The American Legislative Exchange Council's war on green protections is poised to expand over the next year, taking aim at the Environmental Protection Agency, state regulations, and even solar panels installed in individual homes.
The revelations come in the midst of a three-day ALEC policy summit in Washington, DC bringing together 800 legislative and corporate leaders from around the country.
In 2014, ALEC will push a series of measures aimed at preventing the federal government from curbing greenhouse gas emissions and blocking state efforts to expand wind and solar power, according to The Guardian's summary of the documents.
John Eick, the legislative analyst for ALEC's energy, environment and agriculture program, told The Guardian that ALEC will also advocate for increasing financial penalties for individual homeowners who would otherwise benefit from feed-in solar energy programs. Many sustainable energy advocates see state-level feed-in schemes—like the one that recently came under attack in Arizona—as one of the keys to a national transition to clean, renewable energy.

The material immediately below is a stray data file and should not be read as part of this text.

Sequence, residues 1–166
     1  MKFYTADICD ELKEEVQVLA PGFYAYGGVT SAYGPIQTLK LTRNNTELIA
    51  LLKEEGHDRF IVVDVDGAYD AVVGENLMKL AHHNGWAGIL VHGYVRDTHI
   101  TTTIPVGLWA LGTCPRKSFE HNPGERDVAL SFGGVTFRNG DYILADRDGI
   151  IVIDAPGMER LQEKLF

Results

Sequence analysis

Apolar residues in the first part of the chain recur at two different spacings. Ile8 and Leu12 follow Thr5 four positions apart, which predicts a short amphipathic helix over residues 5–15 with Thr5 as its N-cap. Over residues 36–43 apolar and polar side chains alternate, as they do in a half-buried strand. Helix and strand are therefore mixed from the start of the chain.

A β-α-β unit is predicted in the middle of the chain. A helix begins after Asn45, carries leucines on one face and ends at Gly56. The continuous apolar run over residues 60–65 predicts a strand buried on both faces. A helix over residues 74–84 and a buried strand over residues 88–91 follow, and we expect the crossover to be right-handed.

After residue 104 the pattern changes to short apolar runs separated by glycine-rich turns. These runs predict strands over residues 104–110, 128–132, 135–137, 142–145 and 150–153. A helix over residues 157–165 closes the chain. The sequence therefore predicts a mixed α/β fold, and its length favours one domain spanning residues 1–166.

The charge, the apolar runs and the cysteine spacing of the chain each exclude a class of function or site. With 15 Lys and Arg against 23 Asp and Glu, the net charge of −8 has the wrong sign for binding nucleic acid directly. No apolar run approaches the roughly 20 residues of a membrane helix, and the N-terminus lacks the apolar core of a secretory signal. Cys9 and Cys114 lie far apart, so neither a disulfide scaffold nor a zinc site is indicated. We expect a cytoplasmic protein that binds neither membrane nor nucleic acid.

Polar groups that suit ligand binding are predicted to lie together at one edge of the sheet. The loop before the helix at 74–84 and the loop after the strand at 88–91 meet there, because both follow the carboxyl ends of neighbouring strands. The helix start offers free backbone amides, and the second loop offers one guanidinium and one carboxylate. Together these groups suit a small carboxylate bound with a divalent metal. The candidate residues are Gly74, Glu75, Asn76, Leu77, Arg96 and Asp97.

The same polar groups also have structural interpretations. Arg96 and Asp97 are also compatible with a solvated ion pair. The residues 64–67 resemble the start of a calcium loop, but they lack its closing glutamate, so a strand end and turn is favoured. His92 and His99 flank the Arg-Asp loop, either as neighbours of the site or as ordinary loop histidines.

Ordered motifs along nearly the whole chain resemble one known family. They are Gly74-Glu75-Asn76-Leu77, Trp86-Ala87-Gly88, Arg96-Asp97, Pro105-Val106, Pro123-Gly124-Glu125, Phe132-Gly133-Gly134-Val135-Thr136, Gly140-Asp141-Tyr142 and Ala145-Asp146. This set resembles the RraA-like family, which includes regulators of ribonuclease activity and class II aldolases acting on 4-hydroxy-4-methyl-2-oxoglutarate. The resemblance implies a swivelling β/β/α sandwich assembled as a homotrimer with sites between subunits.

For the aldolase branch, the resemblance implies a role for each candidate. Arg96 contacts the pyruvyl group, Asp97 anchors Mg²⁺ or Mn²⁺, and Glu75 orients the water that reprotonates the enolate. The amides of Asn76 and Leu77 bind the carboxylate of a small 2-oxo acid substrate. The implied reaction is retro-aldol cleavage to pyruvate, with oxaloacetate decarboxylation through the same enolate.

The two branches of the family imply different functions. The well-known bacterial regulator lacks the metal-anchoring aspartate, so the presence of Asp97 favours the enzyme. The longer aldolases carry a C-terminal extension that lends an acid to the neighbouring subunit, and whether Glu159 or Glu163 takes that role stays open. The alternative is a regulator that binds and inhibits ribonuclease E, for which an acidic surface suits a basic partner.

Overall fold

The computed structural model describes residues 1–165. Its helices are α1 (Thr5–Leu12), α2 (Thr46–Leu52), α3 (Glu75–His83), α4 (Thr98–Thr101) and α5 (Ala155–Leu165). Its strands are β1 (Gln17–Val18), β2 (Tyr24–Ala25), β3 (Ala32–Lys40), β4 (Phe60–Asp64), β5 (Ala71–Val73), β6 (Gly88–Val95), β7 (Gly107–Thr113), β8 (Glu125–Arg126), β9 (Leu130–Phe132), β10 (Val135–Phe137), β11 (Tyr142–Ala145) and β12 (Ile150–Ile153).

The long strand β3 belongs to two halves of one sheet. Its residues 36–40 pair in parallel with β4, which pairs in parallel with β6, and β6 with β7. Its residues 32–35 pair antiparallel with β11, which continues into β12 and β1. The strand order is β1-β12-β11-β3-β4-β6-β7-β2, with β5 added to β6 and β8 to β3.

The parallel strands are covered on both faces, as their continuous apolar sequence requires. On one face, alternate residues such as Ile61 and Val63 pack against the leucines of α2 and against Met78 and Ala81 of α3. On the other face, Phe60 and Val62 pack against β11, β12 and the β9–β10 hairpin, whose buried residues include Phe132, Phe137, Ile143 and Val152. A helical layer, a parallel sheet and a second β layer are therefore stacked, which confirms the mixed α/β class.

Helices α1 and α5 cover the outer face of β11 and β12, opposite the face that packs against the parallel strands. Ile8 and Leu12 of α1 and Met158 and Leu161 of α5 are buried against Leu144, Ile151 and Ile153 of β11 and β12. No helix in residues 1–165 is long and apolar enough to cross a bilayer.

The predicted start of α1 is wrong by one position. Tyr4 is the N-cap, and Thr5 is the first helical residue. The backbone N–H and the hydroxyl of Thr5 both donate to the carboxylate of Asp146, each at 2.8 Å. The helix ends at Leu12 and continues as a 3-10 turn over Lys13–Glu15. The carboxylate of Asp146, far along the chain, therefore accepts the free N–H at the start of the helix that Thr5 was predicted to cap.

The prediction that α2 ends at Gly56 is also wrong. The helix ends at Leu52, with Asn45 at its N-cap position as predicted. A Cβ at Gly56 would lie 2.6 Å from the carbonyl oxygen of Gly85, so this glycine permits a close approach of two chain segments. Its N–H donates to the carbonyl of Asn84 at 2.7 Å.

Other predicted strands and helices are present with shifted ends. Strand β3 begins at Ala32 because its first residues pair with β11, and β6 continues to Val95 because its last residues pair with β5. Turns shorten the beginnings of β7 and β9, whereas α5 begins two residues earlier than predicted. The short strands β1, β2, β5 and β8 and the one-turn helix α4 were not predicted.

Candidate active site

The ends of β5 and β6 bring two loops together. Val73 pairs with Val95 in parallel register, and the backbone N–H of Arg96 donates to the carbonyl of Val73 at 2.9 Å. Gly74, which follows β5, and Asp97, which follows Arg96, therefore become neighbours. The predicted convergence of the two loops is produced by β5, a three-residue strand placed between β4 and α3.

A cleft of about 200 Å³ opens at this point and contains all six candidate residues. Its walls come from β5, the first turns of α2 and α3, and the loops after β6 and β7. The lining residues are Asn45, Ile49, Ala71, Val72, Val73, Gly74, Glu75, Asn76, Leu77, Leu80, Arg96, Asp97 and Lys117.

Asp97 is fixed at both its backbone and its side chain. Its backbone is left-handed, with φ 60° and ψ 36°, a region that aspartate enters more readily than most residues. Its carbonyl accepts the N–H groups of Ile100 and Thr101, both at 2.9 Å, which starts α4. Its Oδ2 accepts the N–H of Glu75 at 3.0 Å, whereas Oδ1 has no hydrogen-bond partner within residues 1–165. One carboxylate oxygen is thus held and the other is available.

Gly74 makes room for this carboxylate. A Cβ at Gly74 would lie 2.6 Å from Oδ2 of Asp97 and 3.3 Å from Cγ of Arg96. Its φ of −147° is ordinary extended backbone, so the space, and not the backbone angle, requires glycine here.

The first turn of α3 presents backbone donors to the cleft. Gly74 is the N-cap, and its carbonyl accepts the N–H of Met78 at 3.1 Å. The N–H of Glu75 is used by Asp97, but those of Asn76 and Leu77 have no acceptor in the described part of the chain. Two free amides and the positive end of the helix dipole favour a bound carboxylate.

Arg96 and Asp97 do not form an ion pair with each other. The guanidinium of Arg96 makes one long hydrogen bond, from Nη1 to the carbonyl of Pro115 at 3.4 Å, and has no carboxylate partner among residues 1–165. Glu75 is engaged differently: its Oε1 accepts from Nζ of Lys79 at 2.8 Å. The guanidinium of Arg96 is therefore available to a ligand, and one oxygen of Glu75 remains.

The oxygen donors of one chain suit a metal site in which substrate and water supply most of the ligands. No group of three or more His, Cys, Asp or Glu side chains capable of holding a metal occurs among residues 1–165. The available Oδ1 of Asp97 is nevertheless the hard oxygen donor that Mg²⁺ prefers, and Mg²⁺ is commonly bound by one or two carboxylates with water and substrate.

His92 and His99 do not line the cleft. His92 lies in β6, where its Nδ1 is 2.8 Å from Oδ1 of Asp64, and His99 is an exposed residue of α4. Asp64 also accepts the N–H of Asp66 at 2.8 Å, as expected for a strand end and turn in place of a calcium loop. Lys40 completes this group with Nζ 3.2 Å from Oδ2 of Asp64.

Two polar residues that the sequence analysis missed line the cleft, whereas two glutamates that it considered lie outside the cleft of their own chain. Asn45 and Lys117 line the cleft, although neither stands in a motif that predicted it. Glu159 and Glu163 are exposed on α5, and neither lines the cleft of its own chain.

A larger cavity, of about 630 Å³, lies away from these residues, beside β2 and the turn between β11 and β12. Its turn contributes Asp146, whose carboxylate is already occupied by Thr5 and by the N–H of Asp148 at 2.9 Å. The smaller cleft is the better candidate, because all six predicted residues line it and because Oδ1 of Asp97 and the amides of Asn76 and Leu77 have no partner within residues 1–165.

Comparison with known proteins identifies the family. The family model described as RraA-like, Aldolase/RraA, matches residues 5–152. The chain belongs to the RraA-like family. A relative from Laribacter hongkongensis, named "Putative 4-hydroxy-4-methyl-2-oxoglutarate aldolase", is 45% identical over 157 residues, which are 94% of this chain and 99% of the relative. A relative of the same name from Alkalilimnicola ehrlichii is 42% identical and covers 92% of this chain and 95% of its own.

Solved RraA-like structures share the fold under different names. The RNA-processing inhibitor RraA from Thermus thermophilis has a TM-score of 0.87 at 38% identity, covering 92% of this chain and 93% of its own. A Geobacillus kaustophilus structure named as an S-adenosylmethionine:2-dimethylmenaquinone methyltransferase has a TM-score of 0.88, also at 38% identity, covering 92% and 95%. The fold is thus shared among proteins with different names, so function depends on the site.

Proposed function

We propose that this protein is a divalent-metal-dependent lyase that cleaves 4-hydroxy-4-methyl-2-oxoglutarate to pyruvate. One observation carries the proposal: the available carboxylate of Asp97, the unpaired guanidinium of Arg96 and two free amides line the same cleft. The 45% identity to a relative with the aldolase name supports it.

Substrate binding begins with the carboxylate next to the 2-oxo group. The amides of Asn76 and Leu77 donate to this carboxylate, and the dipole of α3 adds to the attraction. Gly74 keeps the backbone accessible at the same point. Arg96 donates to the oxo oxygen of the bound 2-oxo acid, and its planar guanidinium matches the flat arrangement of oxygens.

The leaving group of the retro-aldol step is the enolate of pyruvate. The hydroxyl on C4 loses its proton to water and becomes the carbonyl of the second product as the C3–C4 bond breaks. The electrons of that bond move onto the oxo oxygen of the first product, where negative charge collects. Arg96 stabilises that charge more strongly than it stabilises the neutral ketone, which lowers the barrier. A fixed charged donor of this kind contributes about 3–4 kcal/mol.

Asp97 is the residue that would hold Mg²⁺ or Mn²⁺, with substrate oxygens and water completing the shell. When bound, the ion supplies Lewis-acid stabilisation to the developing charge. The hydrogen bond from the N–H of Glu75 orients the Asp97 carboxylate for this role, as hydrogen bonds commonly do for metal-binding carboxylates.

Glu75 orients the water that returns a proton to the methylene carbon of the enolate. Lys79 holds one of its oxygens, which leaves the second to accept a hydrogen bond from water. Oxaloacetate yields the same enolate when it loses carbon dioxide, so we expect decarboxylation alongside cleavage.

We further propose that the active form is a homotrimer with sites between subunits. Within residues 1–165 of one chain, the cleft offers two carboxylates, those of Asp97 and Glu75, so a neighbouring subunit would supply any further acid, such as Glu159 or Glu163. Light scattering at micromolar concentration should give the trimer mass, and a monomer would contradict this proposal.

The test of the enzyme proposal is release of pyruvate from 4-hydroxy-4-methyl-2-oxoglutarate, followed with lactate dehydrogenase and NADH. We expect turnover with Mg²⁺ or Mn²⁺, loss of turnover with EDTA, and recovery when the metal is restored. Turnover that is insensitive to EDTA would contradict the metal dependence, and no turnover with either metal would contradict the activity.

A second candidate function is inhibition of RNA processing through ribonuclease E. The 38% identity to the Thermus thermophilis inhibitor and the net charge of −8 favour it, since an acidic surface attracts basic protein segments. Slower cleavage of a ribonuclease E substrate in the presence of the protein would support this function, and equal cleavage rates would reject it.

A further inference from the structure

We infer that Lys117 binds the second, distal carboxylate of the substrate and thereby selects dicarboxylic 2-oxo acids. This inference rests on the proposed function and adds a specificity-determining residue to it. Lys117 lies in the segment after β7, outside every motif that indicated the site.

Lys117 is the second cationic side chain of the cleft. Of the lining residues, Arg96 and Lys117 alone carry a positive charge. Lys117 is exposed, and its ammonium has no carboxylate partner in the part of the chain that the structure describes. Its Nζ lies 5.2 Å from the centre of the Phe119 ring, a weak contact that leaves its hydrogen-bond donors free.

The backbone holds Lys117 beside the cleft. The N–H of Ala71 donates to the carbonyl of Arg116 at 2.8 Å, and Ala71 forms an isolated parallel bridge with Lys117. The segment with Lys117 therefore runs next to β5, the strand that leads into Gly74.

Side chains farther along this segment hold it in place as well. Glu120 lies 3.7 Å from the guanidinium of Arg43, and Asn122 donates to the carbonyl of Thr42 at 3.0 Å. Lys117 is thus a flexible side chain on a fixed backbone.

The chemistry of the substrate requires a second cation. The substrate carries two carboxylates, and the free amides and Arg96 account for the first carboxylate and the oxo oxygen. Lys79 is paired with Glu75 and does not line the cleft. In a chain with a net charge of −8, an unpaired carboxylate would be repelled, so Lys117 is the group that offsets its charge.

ALEC also notes that its resolution in support of the Keystone XL pipeline has "been introduced in at least seven states this year which has helped highlight state support for this project."
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In 2013 alone, ALEC introduced at least 77 anti-green bills in 34 states, according to The Center for Media and Democracy.
As Connor Gibson, a research associate at Greenpeace, explained to CMD: "ALEC's long time role in denying the science and policy solutions to climate change is shifting into an evolving roadblock on state and federal clean energy incentives, a necessary part of global warming mitigation."
"ALEC's guise of 'free market environmentalism,'" Gibson continued, "is just a code word for its real mission in our states' legislatures: to allow dirty energy companies to pollute as much as they want, to attack incentives for clean energy competitors and to secure government handouts to oil, gas and coal interests. That's not a free market."
An excerpt from the documents, boasting of past accomplishments, can be seen below.